Glomar Explorer

Just a last bit follow…In 1935 The H 1 Racer set a speed record of 352 mph for that time with a Pratt & Whitney Twin Wasp Jr radial engine which produced 700 hp. The huge NACA cowling served to streamline and cool the huge engine of the day.

By 1941 the Focke Wuff Fw 190 enter service after numerous engine cooling issues. The Germans wanted to streamline the nose to get away from the NACA cowling Hughes H 1 used. The final design in 1945 could hit nearly 470 mph. at high altitude. (nearly 5 miles high) But to do this the Germans used a more powerful engine producing nearly 1700 hp.

Hugh’s had wanted to sell his H 1 technology to the US Government but they weren’t interested. By the later 30’s the Germans were realizing the potential.
Hughes H 4 Hercules (Spruce Goose) was another rejected solution to the submarine menace on the Atlantic. In operation it would have flown at lower altitude over the sea. (perhaps 100 ft as Hughes demonstrated when he flew it)
This is known as “ground effect”. A way of extending fuel mileage.
For troop transport we wouldn’t have lost men at sea due to submarines and delivering them to the war front would have been faster. For the logistics of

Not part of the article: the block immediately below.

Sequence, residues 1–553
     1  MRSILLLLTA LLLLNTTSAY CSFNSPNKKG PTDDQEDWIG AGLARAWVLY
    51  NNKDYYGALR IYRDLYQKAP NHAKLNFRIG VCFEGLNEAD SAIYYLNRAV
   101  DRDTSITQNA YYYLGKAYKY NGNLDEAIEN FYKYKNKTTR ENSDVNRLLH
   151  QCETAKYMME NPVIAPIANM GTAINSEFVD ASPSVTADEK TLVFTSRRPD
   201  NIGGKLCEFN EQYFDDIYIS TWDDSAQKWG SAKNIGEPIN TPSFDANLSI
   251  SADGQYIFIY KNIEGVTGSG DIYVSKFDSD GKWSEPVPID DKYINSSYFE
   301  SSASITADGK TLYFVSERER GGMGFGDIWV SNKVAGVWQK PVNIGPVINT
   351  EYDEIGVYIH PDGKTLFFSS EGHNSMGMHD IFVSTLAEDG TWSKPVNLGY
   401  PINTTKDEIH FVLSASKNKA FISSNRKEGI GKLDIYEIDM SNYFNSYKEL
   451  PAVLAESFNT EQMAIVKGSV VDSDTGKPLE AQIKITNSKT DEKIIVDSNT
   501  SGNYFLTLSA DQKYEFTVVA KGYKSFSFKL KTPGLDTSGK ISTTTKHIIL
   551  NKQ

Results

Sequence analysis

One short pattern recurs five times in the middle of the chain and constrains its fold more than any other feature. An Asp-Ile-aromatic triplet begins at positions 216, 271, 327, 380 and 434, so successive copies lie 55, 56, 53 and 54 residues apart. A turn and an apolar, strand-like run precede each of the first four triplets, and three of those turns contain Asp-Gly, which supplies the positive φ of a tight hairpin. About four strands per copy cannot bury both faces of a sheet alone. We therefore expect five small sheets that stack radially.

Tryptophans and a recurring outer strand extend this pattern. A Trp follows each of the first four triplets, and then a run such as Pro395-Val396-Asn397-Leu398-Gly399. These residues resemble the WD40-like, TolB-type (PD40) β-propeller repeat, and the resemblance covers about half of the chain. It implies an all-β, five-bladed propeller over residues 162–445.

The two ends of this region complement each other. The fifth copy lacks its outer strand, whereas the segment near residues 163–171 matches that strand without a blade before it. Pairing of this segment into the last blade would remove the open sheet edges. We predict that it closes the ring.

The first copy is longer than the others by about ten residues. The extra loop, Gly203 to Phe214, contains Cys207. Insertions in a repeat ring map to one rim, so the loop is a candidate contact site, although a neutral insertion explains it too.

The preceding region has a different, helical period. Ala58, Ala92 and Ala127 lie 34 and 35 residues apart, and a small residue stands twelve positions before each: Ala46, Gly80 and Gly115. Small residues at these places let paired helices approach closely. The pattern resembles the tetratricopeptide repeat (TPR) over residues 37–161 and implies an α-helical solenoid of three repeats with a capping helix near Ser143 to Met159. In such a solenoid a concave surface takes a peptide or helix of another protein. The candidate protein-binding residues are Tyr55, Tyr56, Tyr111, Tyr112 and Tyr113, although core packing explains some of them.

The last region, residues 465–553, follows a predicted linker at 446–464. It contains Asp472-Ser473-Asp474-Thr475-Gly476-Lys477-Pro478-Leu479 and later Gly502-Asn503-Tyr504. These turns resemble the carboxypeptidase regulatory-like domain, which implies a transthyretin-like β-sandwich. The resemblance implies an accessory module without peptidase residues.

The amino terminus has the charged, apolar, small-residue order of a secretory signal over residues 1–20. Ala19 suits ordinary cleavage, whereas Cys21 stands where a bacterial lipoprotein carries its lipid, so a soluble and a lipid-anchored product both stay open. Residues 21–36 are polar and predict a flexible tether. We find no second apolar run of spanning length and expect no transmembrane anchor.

valuable cargo such as ammunition etc, it would have been safer & faster too.
Finally a fleet of H 4’s would have been faster to build and much cheaper given the abundance of Birch wood which wasn’t regulated by war time restrictions.

So often the media has painted Hughes up to be a wealthy playboy “wach-o”. which is a shame as anyone who would read about him would realize the visionary that he was. Of course “Big Industry” stood to profit immensely from war and they wouldn’t appreciate Hughes pairing down their profits with his better ideas. A trend we’ve witnessed in wars & skirminshes since.

Those of the “Greatest Generation” would remember Hughes for all of his contributions and when his name was associated with the Glomar I’m sure they